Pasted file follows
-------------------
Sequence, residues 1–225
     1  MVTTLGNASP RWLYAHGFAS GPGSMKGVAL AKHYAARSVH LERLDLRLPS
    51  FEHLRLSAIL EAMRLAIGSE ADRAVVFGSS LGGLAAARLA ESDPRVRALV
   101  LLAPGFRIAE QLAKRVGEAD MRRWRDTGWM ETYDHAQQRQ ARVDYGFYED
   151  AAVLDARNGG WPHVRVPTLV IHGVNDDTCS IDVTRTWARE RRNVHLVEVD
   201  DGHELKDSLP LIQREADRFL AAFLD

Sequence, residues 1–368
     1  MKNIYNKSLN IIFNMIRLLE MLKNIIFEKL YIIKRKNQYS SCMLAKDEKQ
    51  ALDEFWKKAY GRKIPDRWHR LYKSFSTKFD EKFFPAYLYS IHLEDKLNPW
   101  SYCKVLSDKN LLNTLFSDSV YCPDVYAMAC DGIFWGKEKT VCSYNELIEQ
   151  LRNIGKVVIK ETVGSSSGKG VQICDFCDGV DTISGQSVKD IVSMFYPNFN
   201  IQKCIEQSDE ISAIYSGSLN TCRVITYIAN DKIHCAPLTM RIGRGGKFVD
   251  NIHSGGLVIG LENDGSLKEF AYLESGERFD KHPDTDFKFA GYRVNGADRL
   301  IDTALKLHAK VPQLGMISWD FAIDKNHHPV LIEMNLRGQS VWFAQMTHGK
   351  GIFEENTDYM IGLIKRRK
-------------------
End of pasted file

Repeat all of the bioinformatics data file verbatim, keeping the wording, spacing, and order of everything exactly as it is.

Sequence, residues 1–225
     1  MVTTLGNASP RWLYAHGFAS GPGSMKGVAL AKHYAARSVH LERLDLRLPS
    51  FEHLRLSAIL EAMRLAIGSE ADRAVVFGSS LGGLAAARLA ESDPRVRALV
   101  LLAPGFRIAE QLAKRVGEAD MRRWRDTGWM ETYDHAQQRQ ARVDYGFYED
   151  AAVLDARNGG WPHVRVPTLV IHGVNDDTCS IDVTRTWARE RRNVHLVEVD
   201  DGHELKDSLP LIQREADRFL AAFLD

Sequence, residues 1–368
     1  MKNIYNKSLN IIFNMIRLLE MLKNIIFEKL YIIKRKNQYS SCMLAKDEKQ
    51  ALDEFWKKAY GRKIPDRWHR LYKSFSTKFD EKFFPAYLYS IHLEDKLNPW
   101  SYCKVLSDKN LLNTLFSDSV YCPDVYAMAC DGIFWGKEKT VCSYNELIEQ
   151  LRNIGKVVIK ETVGSSSGKG VQICDFCDGV DTISGQSVKD IVSMFYPNFN
   201  IQKCIEQSDE ISAIYSGSLN TCRVITYIAN DKIHCAPLTM RIGRGGKFVD
   251  NIHSGGLVIG LENDGSLKEF AYLESGERFD KHPDTDFKFA GYRVNGADRL
   301  IDTALKLHAK VPQLGMISWD FAIDKNHHPV LIEMNLRGQS VWFAQMTHGK
   351  GIFEENTDYM IGLIKRRK